The cost of owning a dog in different cities around the world

Round up your doggos because International Dog Day is just in the blink of an eye! 2020 has been a whirlwind of events and it has led to us taking part in some dangerous activities - impulse buying. One of the few positive outcomes of the pandemic has been the sharp increase in dog adoptions. 


Coya has recently undergone a study of the ‘2020 Best Cities for Dogs. This study reveals the 50 cities worldwide with the best infrastructure for owning a canine, such as pet-friendly parks and restaurants, as well as data on the number of dogs per capita, the cost of looking after a pet, and the issue of owners not picking up their dog waste. 

Being a twenty-something-year-old myself, I’ve always loved the thought of getting my own little pupper. But, we must always remember that a pet is not just another sweater you pick up and dispose of later on when it’s less trendy. They’re a living life long investment that we must think carefully about before adopting.


Andrew Shaw, Founder and CEO of Coya commented, “while it’s true that a furry friend can be happy in any city, as long as it’s well taken care of and loved by its owner, it’s also a fact that it’s far more enjoyable for a dog to live in a city with plentiful green spaces, responsible pet owners, and plenty of puppy pals to play with”. The team at Coya conducted this study in hopes to help educate dog lovers and owners about the importance of dog-friendliness of their local cities, and how they may compare to others around the world.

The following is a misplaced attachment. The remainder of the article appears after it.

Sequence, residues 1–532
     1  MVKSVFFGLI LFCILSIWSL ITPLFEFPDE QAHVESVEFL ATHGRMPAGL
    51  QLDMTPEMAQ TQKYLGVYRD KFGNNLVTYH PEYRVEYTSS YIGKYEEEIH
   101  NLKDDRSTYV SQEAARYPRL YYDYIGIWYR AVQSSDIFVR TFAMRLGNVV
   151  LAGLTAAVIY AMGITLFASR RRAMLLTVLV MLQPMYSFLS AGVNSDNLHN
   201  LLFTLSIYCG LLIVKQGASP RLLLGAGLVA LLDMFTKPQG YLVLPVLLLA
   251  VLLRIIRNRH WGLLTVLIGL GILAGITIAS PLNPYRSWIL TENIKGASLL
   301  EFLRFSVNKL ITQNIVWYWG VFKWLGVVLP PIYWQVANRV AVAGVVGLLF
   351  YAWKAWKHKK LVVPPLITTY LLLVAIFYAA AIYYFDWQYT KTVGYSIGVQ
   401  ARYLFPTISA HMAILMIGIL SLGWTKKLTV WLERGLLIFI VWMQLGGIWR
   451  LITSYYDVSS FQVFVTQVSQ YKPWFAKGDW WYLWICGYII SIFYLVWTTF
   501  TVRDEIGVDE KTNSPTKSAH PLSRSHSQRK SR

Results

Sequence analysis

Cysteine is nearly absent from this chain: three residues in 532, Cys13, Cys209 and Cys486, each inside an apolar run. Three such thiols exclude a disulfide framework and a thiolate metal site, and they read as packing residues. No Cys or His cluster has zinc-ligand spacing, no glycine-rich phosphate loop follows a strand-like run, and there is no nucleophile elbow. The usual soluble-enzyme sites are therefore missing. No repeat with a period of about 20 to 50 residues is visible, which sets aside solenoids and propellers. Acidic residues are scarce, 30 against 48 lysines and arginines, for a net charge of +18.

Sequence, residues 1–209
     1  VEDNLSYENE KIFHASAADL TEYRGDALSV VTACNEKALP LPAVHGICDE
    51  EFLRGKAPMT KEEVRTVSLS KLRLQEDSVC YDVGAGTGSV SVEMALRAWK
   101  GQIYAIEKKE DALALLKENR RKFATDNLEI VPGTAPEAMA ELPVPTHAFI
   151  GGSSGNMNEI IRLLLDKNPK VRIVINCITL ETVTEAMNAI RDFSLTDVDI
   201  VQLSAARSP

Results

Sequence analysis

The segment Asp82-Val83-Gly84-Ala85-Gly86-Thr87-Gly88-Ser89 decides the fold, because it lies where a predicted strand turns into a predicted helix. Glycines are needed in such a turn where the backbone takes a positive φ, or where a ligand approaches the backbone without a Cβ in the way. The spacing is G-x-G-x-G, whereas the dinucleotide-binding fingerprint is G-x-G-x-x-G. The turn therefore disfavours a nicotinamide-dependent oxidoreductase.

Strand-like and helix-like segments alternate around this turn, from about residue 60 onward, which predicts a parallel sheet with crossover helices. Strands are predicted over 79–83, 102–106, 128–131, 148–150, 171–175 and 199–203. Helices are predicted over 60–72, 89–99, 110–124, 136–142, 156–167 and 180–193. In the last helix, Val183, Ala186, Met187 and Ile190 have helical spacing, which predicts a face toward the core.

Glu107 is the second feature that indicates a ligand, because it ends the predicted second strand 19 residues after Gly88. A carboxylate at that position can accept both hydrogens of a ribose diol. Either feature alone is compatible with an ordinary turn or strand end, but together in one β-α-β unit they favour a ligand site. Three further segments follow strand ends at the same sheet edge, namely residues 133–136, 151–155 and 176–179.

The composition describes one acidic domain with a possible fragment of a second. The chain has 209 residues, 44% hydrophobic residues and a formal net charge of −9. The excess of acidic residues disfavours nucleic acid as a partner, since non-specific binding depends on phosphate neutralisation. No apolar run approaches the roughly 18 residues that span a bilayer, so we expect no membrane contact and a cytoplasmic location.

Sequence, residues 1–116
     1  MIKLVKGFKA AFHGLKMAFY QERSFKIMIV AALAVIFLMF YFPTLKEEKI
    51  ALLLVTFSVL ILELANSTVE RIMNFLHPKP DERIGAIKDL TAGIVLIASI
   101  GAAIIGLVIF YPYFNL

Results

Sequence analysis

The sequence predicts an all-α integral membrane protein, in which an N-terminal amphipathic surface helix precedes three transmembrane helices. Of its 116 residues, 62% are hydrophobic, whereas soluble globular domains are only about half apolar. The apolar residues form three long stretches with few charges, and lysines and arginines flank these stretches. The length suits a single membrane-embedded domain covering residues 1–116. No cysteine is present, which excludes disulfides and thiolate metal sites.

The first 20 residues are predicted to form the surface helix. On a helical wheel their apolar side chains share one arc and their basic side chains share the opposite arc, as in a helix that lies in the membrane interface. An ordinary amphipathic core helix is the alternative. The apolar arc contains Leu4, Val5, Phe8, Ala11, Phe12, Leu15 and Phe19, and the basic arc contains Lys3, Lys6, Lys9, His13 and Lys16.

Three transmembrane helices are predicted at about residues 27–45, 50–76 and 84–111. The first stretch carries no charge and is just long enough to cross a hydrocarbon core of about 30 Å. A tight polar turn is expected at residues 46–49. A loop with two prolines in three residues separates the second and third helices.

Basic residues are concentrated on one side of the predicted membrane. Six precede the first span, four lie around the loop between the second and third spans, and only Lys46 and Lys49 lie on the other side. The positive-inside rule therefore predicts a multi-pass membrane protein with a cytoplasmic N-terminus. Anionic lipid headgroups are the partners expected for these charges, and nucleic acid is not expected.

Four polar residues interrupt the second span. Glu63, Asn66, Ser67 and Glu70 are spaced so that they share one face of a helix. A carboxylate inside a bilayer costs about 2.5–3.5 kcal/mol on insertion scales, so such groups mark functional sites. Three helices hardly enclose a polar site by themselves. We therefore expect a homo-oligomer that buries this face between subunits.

Auckland, New Zealand sat #45 out of the finalised list of 50 locations with comparable and available data. Whereas, San Francisco, USA ranked the best city for dogs in the study overall. Here’s what we found in comparison to San Fran and our city.


We can give ourselves a pat in the back for this one. Compared to San Francisco with a score of 97.52, Auckland scored 63.67 out of 100 from the Dog Waste survey. This means that even though we scored better than the rival city, we can still work to perform better for the environment and for our pets. 


From seeing our score based on the number of Dog-friendly-restaurant surveys, this came as a shock to myself. San Francisco had a score of 100 meaning they had restaurants more catered to pet owners whereas Auckland, held one of the lowest scores of 55.71. While it’s understandable that pets are a definite no-no in crowded restaurants, perhaps this could be an insight for those wanting to adopt a dog but also love to be dining out on a day-to-day basis. 


This part gave me a sense of relief and I was quite proud of our little city. Auckland scored 95.62 out of 100 on the Abandoned dog/per year score. While this is not the highest out of the 50 cities, it’s less disheartening to know that Kiwis seem to be more invested in their pets than some parts of the world.

Andrew Shaw said “one of the few positive outcomes during this global pandemic has been that dog shelters around the world have seen a huge increase in adoptions as more people work from home and look for furry companionship. However, there is a danger that once things begin to return to normal, owners may find that they don’t have the time, nor the funds to be able to keep their new pet”. From his comments and from this study, Andrew Shaw and his team hope that they can raise awareness about abandoned dogs, and serve as a reminder that “pets are there for life, not just for pandemics.”


You can see more about the study conducted by Coya and scores from other cities here.